Fortunately, Amazon.com created Kindle Direct Publishing in 2007, which allows writers to sell their e-books to a worldwide market. The two quickly saw an opportunity and compiled Available Darkness into an e-book and sold it through Kindle Direct.
Then, they started a post-apocalyptic series called Yesterday’s Gone in 2010. Each “episode” is about 100 pages (or about 20,000 words) and is released weekly. There are about six episodes per “season”, and each instalment ends with a heart-pounding cliffhanger.
“Our novels aren’t paced like typical novels, they’re more of a hybrid between television and books, offering short weekly instalments of a continuing world with people you care about and worlds you’ll want to explore,” says Wright, who was a professional cartoonist and reporter before beginning his story-spinning career.
This allows Platt and Wright to explore and build their fictional world and to get to know their characters in a manner that self-contained movies and novels do not allow.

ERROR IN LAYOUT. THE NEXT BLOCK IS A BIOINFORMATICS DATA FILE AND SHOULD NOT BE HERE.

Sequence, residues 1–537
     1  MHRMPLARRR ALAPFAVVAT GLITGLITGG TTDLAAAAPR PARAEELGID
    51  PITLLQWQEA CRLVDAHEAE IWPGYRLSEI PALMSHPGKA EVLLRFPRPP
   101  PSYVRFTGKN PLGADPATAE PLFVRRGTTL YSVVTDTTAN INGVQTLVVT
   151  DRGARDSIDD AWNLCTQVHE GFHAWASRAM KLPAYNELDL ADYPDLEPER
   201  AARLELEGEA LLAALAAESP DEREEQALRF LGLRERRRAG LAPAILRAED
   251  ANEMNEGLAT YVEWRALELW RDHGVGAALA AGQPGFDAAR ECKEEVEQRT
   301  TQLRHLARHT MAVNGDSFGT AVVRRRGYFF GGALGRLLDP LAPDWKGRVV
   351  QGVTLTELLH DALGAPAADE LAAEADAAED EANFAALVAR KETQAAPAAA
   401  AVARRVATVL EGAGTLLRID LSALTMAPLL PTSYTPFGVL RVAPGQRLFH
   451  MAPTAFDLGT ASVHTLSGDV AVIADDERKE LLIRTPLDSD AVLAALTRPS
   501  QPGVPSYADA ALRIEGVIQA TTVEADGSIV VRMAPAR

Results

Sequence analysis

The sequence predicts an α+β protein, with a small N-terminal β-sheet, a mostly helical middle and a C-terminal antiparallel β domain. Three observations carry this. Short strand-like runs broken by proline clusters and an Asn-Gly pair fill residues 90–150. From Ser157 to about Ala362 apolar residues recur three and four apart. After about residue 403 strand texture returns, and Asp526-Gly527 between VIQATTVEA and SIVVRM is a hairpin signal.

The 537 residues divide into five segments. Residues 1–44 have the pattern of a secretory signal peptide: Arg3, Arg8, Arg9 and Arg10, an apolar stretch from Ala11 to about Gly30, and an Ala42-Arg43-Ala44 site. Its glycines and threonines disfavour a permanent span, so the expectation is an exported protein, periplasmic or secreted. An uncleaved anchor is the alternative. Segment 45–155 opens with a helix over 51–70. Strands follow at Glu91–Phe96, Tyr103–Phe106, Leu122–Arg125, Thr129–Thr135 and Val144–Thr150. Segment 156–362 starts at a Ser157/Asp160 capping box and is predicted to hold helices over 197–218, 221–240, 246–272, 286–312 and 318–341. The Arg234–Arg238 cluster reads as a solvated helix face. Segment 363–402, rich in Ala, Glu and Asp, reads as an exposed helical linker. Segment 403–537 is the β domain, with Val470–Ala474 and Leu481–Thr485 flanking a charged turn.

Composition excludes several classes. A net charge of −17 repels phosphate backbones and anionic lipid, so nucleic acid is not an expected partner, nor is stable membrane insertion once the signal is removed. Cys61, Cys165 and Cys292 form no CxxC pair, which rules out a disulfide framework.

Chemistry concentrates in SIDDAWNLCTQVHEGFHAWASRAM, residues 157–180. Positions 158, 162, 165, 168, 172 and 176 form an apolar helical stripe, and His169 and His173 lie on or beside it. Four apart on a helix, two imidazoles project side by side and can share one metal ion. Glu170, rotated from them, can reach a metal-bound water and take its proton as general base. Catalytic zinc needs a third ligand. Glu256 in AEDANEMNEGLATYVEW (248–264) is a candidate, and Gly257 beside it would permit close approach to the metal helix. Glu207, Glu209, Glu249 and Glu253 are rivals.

The format also gives them bigger opportunities to get new readers to discover their work.
“New readers are finding us every day, and I don’t know if that would happen as frequently if we simply had two giant books, Yesterday’s Gone One and Two,” Wright says.
The e-book is complemented by a host of features: A website (serializedfiction.com), an electronic newsletter, a web trailer (tinyurl.com/c746kp7), a Twitter account, and a Facebook fan page. It took time, however, for their readership to build.
“When we first published, it was slow going. It wasn’t until word of mouth got out and the second season began that the momentum really picked up and we realised we had something special that people were loving,” says Wright.
Soon, they were selling books and receiving e-mails from readers, who not only liked the story but the format.
“The phrase ‘to be continued...’ is like a punch in the gut. I love that feeling. I like that readers send me angry e-mails after they get to the end of the book and are left hanging! It means they are really into the story. There’s no greater compliment,” Wright points out.